Three imperatives for Industrial Revolution 4.0

Innovation has always been about moving forward—and we have come a long way from the first set of computing machines and industrial plants. Now, we are moving to a place where innovation itself is accelerating at an unprecedented rate. Now, we are automating the manual labor along with automating thinking itself. This has been made possible because of breakthroughs in artificial intelligence (AI) and machine learning (ML). These innovations have revolutionized our way of problem-solving, consequently surpassing the current operations. The current age. This has led to a whole new avenue where we are on the brink of a total operational revolution. 

Thanks to the recent innovations in AI and ML, industrial revolution 4.0 is just around the corner. However, not every business manager believes so. Most of them are at a crossroads with a hard choice—betting on the future or going continuing with old standards. Let’s discuss the three most significant challenges managers will face in the post-digital era.

The cultural shift

The traditional company culture is based on automation and repetitiveness. And that is where a lot of disruption is happening. Evolving it into a creativity-driven culture has become the new differentiator for success. Just setting up ops and pumping in money isn’t guaranteed to get you returns. The market has become way too competitive, demanding that you get innovative. 

The problem is that while the first industrial revolution replaced workers’ jobs with machines, the fourth will replace their brains with software. What this will mean for the company is that its positive performance will depend solely on the creativity of its workforce.

Artificial intelligence is gradually replacing man in all repetitive tasks and in the analysis of objective elements. We already see this in customer service, reporting, and medical diagnoses.

Business model transformation

COVID-19 has pushed companies around the world to digitize. However, we are witnessing two recurring errors of interpretation—the first is to use technology with the sole intent to survive the current crisis. The second is to use it with the same methods and criteria used for traditional processes. In both of these scenarios, investing in new technology seldom gives an enterprise the return it should. In some cases, it even hinders their growth—or stunt it completely. It is just about the way of leveraging digitization for a competitive edge as it is about digitization itself.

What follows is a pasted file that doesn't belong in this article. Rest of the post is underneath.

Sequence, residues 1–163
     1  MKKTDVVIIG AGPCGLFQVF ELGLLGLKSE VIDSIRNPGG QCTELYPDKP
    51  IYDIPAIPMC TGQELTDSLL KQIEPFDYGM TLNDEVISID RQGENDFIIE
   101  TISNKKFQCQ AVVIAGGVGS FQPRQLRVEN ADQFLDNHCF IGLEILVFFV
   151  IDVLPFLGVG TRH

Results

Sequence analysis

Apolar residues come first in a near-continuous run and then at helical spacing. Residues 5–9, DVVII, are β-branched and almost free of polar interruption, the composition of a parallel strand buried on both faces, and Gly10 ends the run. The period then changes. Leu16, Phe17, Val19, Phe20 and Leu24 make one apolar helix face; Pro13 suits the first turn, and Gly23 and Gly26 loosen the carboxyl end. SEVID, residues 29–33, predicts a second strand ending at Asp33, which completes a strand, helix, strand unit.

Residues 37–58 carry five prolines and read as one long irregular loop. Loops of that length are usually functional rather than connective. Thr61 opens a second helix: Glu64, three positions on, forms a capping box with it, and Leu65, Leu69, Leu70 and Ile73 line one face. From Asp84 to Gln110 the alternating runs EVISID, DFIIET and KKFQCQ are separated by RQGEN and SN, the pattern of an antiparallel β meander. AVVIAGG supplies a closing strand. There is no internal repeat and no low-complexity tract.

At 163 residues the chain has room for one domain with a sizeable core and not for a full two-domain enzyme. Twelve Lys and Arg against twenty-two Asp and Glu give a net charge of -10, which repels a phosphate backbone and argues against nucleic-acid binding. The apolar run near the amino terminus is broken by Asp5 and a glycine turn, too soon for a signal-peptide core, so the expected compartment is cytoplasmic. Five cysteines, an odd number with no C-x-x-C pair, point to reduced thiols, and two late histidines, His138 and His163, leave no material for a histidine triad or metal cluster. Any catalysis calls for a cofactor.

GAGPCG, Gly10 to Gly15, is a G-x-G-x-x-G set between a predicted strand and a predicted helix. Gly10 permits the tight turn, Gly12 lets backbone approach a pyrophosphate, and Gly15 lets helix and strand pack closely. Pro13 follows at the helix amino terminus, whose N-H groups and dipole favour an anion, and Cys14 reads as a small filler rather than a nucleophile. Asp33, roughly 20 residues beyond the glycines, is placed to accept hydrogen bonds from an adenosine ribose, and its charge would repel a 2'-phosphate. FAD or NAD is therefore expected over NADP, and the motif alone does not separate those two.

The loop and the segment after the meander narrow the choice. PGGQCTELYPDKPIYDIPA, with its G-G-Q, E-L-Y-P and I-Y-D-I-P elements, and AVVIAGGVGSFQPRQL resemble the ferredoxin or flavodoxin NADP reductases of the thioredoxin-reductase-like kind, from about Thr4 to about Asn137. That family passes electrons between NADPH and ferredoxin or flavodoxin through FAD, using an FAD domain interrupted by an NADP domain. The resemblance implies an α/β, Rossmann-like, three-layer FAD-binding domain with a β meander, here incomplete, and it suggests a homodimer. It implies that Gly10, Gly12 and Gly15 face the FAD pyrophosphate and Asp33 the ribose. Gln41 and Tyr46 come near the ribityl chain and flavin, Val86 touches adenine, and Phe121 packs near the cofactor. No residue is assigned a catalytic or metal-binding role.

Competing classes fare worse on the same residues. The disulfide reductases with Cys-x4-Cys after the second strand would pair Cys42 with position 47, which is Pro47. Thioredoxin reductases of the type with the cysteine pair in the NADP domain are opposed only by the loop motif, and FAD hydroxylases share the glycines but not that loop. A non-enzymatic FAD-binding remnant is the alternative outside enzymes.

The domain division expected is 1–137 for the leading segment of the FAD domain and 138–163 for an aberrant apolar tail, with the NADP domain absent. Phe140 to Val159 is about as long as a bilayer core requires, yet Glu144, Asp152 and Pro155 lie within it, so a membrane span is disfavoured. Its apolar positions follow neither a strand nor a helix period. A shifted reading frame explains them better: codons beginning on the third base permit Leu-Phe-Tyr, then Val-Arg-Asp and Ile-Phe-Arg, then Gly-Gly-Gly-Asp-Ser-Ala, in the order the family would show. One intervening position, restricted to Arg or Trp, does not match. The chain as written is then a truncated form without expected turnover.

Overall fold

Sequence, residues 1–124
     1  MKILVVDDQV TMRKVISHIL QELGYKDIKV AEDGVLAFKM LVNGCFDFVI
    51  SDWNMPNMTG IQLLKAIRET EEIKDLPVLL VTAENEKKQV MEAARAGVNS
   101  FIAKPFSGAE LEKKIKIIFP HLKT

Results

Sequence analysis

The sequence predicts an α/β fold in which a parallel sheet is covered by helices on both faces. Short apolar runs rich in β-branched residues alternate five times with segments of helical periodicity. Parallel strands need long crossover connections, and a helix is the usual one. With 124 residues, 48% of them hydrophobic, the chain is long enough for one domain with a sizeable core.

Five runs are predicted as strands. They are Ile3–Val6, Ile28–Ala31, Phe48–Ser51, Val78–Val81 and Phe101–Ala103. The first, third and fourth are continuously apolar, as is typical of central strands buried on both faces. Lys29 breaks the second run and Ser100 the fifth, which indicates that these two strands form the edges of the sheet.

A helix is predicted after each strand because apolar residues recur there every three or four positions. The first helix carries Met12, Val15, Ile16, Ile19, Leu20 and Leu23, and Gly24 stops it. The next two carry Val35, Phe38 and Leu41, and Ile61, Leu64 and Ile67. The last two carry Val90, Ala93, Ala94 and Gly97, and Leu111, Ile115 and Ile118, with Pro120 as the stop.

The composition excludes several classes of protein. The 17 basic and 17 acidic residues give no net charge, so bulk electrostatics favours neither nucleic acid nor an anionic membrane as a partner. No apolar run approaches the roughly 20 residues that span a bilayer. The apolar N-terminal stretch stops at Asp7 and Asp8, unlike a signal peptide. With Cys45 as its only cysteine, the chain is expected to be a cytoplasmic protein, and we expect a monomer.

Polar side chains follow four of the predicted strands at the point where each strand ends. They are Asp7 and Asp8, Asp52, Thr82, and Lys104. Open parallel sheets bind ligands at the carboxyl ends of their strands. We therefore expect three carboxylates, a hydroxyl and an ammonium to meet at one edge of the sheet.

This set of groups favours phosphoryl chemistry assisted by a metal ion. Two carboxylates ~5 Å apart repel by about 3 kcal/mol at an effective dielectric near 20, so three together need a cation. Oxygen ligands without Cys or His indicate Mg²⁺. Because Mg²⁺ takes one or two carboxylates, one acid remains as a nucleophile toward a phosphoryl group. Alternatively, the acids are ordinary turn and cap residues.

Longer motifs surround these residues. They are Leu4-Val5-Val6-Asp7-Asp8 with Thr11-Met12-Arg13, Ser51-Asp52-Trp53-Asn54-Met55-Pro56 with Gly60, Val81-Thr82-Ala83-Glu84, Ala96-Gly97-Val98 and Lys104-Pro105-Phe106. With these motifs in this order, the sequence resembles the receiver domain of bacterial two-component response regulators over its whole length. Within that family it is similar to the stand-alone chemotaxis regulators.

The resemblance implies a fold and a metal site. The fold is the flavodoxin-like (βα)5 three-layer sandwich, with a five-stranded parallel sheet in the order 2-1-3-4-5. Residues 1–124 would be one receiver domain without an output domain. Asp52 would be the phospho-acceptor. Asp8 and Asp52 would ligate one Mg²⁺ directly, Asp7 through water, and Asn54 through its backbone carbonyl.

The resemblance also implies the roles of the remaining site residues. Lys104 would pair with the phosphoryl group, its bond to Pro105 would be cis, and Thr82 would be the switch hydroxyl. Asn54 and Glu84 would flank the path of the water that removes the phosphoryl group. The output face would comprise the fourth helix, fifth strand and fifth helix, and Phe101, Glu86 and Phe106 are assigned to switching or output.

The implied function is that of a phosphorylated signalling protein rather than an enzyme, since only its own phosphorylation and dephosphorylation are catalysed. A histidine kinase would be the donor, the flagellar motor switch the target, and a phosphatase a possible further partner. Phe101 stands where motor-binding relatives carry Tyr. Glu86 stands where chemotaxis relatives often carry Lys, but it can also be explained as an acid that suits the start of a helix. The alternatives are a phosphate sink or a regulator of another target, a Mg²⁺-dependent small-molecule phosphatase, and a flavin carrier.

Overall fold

Innovation is not a mere technological evolution. Managers of the post-digital era will have to create new business models that will allow companies to generate more value with technology. New technologies like AI and ML have immense potential—but only if they are used for innovation rather than just task automation.

Customer experience

The future will be characterized by the convergence of multiple technologies. And this technological convergence needs to correspond to a new customer vision. Managers will have to create models that go beyond products and services to embrace the entirety of the customer’s needs. To embrace the customers for who they are and to be with them through every step of their journey. That is the future of customer experience.

The most important thing to understand is that the needs of consumers will no longer be satisfied only by practical aspects, such as futures or purchasing experience, but also by moral and ethical issues. The customer of the post-digital era will have a strong need to know that the companies they rely on are pursuing a cause that will make a concrete contribution to building a better world.

The post-digital era is upon us, and although the coronavirus has accelerated its advent, it will take some time before crossing this horizon. However, we must prepare immediately, because time passes quickly, and as we have learned this year, sometimes it accelerates suddenly. I hope the above-mentioned imperatives serve you well and set your priorities straight.

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